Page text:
28 September 2010

Article: What is Europeism?

Václav Klaus, the liberal-conservative President of the Czech Republic, is the author of an article titled "What is Europeism?" that forms part of a booklet, "What is Europeism, or What Should Not Be The Future For Europe" (by Václav Klaus, Jiří Weigl, Petr Mach Marek Loužek, and Jiří Brodský), published in 2006 by the pro-market public policy think tank Center for Economics and Politics (CEP) in Prague (pp. 7-20).

The booklet is available free of charge here:


Excerpts: "Europeism is a doctrine which hardly anyone advocates explicitly and, due to this, it is insufficiently specified or systematically formulated (de facto only some of its critics talk about it seriously). It is not possible to refer to any books and articles, from which it could be 'read'. [...] Europeists are [...] characterized by their clear stances in disputes about parliamentary democracy or civil society and in disputes about democracy or post-democracy. They do not prefer standard democratic processes. [...] It is also entirely obvious on which side the Europeists stand in the disputes about the importance of various post-democratic 'isms', such as multiculturalism, feminism, ecologism, homosexualism, NGOism, etc. [...] Europeists want, in their decision-making at the supranational level, to get rid of politics (because they dream about creating an apolitical society) and to introduce the system of decision-making which would be easy and uncontrollable. That is why they advocate post-democracy and graciously smile at the obsolete and old-fashioned advocates of the good old democracy and the good old 'political' politics. [...]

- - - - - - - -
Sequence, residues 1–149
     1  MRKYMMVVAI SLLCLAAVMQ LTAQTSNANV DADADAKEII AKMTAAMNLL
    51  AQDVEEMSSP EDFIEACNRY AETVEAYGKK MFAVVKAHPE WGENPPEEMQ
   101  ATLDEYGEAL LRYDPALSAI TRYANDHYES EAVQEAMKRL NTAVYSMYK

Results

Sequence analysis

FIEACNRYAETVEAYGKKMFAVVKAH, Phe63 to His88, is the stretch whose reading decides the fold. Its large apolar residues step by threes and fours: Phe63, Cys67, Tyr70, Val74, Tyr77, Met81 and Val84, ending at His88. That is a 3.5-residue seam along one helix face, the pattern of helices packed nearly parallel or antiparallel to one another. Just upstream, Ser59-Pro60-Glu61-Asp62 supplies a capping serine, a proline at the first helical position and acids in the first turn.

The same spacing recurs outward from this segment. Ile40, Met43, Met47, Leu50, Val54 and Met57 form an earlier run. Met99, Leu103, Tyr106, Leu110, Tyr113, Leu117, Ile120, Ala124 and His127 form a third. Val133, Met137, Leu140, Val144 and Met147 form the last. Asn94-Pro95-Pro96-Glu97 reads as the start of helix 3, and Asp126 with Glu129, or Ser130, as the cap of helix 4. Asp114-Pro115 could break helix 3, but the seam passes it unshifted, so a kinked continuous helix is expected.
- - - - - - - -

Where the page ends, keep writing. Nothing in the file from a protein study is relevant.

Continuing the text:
"The effort to emancipate politics and politicians from democratic 'accountability' is one of the primary objectives of the Europeists. They are not alone in this, but I am certain that never in history had the people with this type of thinking reached such success as through the creation of the EU. [...] These are the interests to get rid of the state as an unsubstitutable guarantor of democracy, as a basic political unit of a democratic system (in contrast to Reichs, empires, unions, leagues of countries), as the only meaningfully organizable arena of political life, as the biggest possible, but at the same time also the smallest reasonable, base of political representation and representativeness. Europeism is an attempt to create the Huxleyian brave new world in which there will be 'rosy hours', but not freedom and democracy. [...] They trust the chosen ones (not the elected ones), they trust themselves or those who are chosen by them. [...] They want to mastermind, plan, regulate, administer the others, because some (they themselves) do know and others do not. Even though we thought that after the collapse of communism all this was a matter of the past, it is not so. It is around us again." (bold removed)

No comments:

Post a Comment